This is a unique specimen I obtained from author Lynne Meredith. Mintmaster Bernard von NotHaus of the Royal Hawaiian Mint created this presentation piece for her for the work she performed in support of the Hawaiian sovereignty movement. She watched him perform multiple strikes on this coin to create this unique proof specimen. The die pairing is a “mule” (mismatched pair of an observe die and reverse die to form a new coin). In this case here, the obverse die of 1994 Princess Kaiulani and reverse die of a 1996 Mahalo Dala were struck together to create this one of a kind coin.
Completed my second “trifecta” of Hawaii coin club medals.
This is my Hawaii State Numismatic Association set in bronze, silver, and aluminum.
The aluminum specimen was acquired first and described in a previous blog entry. https://thehawaiiananumismatist.com/2014/02/15/2mn-673a-queen-emma-hawaii-state-numismatic-association/
My Maui Coin Club “trifecta” was also discussed in a previous blog entry. https://thehawaiiananumismatist.com/2014/03/09/maui-coin-club-2m-316-silver-copper-and-2m-317-cupro-nickel/
It’s really challenging to locate each of the specimens for a single year. I’ve only seen one set being offered with all medal types at one dealer (was not interested at the time). I wished I purchased that 1980Duke Kahanamoku HSNA set (price was high at the time and my interest was focused on RHM gold).
I first spotted this coin at a collector website. I really like the obverse design.
I began to search the term “World Heritage Coin”. I found many other country’s World Heritage Coins, but nothing in the USA.
After searching a few minutes, I located the coin.
Can you locate this coin?
Do you know the popular Hawai’i artist who design the coin?
I found the source, the artist, and purchased one…(its being shipped to me). Source to be revealed in a future blog.
This is a continuation of the Honolulu Mint gold coins that were originally issued as jewelry. This blog is about the gold coins commissioned by Kim Taylor Reece. These are 24KT gold coins mounted in 14KT gold mountings.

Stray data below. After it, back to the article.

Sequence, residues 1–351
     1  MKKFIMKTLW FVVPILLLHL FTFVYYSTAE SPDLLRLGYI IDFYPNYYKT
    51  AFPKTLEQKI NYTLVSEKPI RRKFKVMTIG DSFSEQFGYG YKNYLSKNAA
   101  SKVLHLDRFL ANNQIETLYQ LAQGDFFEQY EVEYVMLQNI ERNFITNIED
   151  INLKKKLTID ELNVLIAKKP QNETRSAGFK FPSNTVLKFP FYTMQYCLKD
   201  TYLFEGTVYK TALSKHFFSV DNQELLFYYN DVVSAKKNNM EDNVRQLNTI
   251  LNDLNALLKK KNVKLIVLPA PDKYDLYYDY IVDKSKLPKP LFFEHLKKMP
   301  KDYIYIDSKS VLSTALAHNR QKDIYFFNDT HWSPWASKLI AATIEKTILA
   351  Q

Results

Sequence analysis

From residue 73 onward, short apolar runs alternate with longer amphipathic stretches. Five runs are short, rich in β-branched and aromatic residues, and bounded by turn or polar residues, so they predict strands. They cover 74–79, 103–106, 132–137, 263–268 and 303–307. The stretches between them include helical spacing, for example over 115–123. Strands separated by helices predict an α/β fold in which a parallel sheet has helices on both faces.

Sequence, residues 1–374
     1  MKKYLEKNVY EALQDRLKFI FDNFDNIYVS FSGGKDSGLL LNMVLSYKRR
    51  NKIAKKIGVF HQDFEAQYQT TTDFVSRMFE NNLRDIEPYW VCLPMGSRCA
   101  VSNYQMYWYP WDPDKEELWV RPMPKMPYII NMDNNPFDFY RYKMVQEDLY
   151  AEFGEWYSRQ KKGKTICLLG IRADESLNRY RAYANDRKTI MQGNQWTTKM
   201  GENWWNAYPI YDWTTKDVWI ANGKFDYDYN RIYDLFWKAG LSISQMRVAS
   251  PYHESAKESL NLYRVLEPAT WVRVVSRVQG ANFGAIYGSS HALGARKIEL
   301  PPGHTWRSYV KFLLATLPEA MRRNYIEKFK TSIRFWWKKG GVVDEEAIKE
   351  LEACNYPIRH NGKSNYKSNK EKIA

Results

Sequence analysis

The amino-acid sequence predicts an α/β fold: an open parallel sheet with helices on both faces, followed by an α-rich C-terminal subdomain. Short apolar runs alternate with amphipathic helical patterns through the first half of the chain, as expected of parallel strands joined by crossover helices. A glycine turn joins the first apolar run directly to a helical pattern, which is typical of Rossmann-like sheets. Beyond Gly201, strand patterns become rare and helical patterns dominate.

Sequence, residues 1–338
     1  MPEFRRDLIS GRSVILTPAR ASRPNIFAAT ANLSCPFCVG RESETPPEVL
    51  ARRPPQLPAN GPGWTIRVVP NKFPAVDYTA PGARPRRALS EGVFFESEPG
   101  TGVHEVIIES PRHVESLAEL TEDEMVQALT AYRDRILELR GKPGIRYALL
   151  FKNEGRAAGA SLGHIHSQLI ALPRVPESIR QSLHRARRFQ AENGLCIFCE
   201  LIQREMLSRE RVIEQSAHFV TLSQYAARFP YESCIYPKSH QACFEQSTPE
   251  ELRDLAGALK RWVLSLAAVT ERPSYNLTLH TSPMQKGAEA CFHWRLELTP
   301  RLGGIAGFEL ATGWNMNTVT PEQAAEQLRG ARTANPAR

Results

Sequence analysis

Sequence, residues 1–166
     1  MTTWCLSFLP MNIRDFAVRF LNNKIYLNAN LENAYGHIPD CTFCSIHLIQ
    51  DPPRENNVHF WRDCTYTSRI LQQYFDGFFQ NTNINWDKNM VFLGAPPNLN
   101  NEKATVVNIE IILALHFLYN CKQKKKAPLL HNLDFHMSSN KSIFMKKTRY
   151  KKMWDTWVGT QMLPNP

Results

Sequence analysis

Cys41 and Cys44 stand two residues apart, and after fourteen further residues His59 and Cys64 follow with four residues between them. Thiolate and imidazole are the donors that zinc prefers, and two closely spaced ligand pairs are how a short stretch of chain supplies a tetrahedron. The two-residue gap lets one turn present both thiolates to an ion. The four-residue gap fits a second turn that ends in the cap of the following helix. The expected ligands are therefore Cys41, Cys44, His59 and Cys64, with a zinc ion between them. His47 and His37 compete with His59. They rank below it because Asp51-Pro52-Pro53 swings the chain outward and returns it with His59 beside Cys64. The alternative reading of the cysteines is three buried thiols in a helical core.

My findings also found that there are three silver 1 ounce silver Kim Taylor Reece coins that were issued by the Honolulu Mint
All are proof. The coin in the framed lithograph has the dancer in 24KT highlight plating. The lithograph image is same on the coin. The frame is solid cherry.
I eluded to this in my last blog. Several of the Honolulu Mint coins were originally issued as jewelry. You have to remember that their competition back then was the Royal Hawaiian Mint gold coins. If you notice in the image, you can see the known images in Honolulu Mint gold coins (Kamehameha, Liliuokalani, and Kaiulani).
I suspect that the coins now being seen (graded by ANACS) are leftover jewelry inventory coins that were never mounted. These are 24KT gold and is relative soft for use as a coin. Again, jewelry use is pointed out due to its pureness. Also, these gold coins are not dated.
Here is an ANACS Honolulu Mint Kaiulani. Click to enlarge
The original Honolulu Mint went bankrupt in 1995. I’ve been performing research on its issues. Mintage numbers are hard to locate. However, I did locate a few with limited issues (will not reveal them at this time). My preliminary research has not enough material for a book, but a good article could be written.
Here is some preliminary information on two series. The code can be located on the rear of the collector jacket. As you can see, I have a working spreadsheet from the image. There are some errors (letter O used instead of number zero) in my spreadsheet.
Below is the i’iwi collector jacket (rear view). Note the code (from my spreadsheet) under the bar code.
This is the front of the collector jacket.
Overall, the Honolulu Mint issues are limited to specific collection areas. One issue that I see is that they issued several coins only on jewelry.